My List for Classics Club Spin #28

The Classics Club has announced another spin. How do the spins work? I pick 20 books from my Classics Club list and number them. On October 17, the club picks a number, and that’s the book I will read before December 12, the deadline for this spin. So, here is my list for this spin. This time, I haven’t picked any of the difficult books on my list:

  1. The Castle of Otranto by Horace Walpole
  2. The Mayor’s Wife by Anna Katherine Green
  3. The Black Arrow by Robert Louis Stevenson
  4. Rhododendron Pie by Margery Sharp
  5. The Grand Sophy by Georgette Heyer
  6. Grand Hotel by Vicki Baum
  7. Merkland, A Story of Scottish Life by Margaret Oliphant
  8. Miss Plum and Miss Penny by Dorothy Evelyn Smith
  9. Love’s Labour’s Lost by William Shakespeare
  10. The Dead Secret by Wilkie Collins
  11. Much Dithering by Dorothy Lambert
  12. A Town Like Alice by Nevil Shute
  13. Weatherley Parade by Richmal Crompton
  14. The Moonspinners by Mary Stewart
  15. Iza’s Ballad by Magda Szabo
  16. Music in the Hills by D. E. Stevenson
  17. Tis Pity She’s a Whore by John Ford
  18. Sense and Sensibility by Jane Austen
  19. The Return of the Native by Thomas Hardy
  20. The Saga of Gosta Berling by Selma Lagerlof

If I Gave the Award

Having reviewed the last book from the 2020 Walter Scott Prize for Historical Fiction shortlist, it’s now time for my feature where I decide whether the judges got it right. Frankly, 2020 was an odd year, with several books that, while interesting, really didn’t do it for me. In fact, quite a few of them cultivated distance between the reader and the work.

As I often do, I’ll start with the books I liked least. One is The Parisian by Isabella Hammad. This novel covers the beginning of the fight for Arab nationalism and the First World War, so it should have been interesting. However, Hammad writes it from the point of view of a man who distances himself from the action by the persona he invents for himself.

Another distancing book was The Narrow Land by Christine Dwyer Hickey, which was the winner for 2020. It is about the relationship between the artist Edward Hopper and his wife Jo. It is slow moving and mostly a character study about a self-absorbed man who seemed to live his life in the interior of his own mind. I felt that although Jo was depicted as jealous and demanding, she was upset about something understandable—her career coming so much secondary to his and in fact his disdain of her work.

To Calais, In Ordinary Time by James Meek is a little more experimental than the other nominees. It is about a 14th century journey from the Cotswolds to Calais, and it is written only in words in use at the time. It also reflects, in tone and plot, its medieval inspirations. However, Meek doesn’t do much with his characters, so I had difficulty becoming involved in the novel.

The Redeemed by Tim Pears was the third book in his West Country Trilogy, and it is set during the last years and the aftermath of World War I about a man who has to make his own way after becoming homeless as a boy. Having spent three books with these characters, I found the conclusion of the trilogy anti-climactic. I actually thought the first book was best.

Joseph O’Connor has written a novel about 30 years in the life of Bram Stoker, with Shadowplay. I found this novel involving and interesting. It’s about Stoker’s work with the Lyceum Theatre and his relationship with two famous actors, Ellen Terry and Henry Irving. It even has just a bit of a supernatural influence.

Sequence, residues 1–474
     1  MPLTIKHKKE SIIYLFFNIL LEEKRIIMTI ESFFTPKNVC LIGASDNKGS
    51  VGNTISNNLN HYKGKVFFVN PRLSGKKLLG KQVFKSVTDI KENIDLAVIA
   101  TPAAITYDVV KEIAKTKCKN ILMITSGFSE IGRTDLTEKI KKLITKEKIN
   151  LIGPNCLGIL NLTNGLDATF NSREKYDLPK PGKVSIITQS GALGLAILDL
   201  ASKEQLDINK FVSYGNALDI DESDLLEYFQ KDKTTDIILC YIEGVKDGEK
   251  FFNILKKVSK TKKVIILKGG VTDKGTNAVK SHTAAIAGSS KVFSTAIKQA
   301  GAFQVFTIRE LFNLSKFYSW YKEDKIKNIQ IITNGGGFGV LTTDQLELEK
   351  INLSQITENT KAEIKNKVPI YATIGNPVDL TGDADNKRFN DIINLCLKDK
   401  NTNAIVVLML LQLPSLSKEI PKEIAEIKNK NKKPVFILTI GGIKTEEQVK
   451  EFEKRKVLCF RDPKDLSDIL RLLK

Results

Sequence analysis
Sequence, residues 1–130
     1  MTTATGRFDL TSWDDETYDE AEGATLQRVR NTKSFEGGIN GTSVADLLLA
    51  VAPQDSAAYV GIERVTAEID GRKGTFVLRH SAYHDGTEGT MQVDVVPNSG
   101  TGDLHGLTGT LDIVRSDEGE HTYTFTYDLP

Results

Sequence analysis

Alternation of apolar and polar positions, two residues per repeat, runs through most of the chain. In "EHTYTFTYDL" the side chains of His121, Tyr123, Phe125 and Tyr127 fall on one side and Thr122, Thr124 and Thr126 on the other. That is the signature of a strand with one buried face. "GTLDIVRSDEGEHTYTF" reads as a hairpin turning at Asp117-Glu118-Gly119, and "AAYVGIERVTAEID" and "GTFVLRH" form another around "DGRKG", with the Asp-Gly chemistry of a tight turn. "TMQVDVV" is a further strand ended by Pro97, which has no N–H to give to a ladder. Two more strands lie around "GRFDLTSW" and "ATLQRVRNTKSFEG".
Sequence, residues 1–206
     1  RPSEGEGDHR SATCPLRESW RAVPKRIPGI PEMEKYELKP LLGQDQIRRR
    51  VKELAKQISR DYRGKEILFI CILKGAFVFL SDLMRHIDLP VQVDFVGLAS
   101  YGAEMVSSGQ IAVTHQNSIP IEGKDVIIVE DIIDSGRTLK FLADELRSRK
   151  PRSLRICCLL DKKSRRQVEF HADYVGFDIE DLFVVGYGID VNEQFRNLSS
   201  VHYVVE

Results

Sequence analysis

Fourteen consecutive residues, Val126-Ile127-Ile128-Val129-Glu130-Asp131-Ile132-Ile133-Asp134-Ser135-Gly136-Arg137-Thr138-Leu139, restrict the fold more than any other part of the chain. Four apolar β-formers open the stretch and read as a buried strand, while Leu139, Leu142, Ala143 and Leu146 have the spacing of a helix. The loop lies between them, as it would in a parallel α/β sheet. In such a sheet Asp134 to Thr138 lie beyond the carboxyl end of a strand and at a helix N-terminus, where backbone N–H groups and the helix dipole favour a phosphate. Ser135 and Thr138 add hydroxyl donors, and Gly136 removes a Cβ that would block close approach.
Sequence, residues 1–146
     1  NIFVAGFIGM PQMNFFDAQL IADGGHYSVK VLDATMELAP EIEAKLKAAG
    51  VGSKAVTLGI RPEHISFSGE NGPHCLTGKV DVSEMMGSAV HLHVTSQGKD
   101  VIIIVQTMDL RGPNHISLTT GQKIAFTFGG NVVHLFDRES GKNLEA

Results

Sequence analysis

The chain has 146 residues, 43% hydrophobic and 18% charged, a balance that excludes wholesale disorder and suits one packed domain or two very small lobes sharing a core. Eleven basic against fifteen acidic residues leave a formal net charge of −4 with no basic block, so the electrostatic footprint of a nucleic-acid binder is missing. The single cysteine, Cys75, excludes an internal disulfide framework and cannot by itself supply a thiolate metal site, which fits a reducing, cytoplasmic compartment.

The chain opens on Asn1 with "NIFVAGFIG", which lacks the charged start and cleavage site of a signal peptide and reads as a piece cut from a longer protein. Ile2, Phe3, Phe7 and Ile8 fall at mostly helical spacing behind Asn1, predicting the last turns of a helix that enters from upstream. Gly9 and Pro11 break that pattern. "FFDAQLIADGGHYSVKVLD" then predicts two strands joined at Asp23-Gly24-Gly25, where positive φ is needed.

Although it took me a while to get into A Sin of Omission by Marguerite Poland, I found it absolutely heart-rending by the end. It is based on the life of a native Anglican missionary to South Africa, about a man whose upbringing sets him apart from his own people as well as his English white patrons. This novel is my choice for the 2020 award.

If I Gave the Award

Since I posted my review of the last book from the 2018 shortlist of the Booker Prize on Tuesday, it’s time for my feature where I decide whether the judges got it right. It’s a hard decision this time, because there are so many good books on the list. Actually, they are all good. I just connected better with some than others.

As I often do, I’ll start with the books I enjoyed least. I think I just didn’t connect with The Long Take by Robin Robertson. At least partially, that’s because it is a poem, but it is also almost plotless and very gritty. It is beautifully written, though, about homeless World War II veterans and the selling out of L. A.

Another gritty entry is The Mars Room by Rachel Kushner. I found this novel more gripping, and it is about an important subject—the lack of justice in our justice system. However, it seems I am not really a Kushner fan.

To make my decision harder, I enjoyed all of the other four entries. Two of them were on my Best Books of the Year list two years ago, and another one—most likely both of the others—will be on the one for this year.

Washington Black by Esi Edugyan is really an adventure story set in the 1900’s. Washington is a slave on a Barbados plantation who flees with Titch, his master’s brother, after the death of his master’s cousin. Having left everything he knows, he is then abandoned in Canada by Titch. I liked the sense of not knowing what was going to happen next.

I enjoyed Everything Under by Daisy Johnson, too. It’s a mysterious rendering of the Oedipus myth set in the fascinating world of the people who live on Britain’s canal system. I found it atmospheric and interesting.

This year, The Overstory by Richard Powers blew me away, and it will be on my best books list for the year. Taking on the metaphor of a tree for its structure, starting with the roots, it is about the importance of trees. That may not sound very interesting, but Powers starts with a group of people who are all interested in trees in some way and begins to entwine their fates as he works his way up the trunk of his story. Although the ending was a little too abstract, I was fascinated by this book.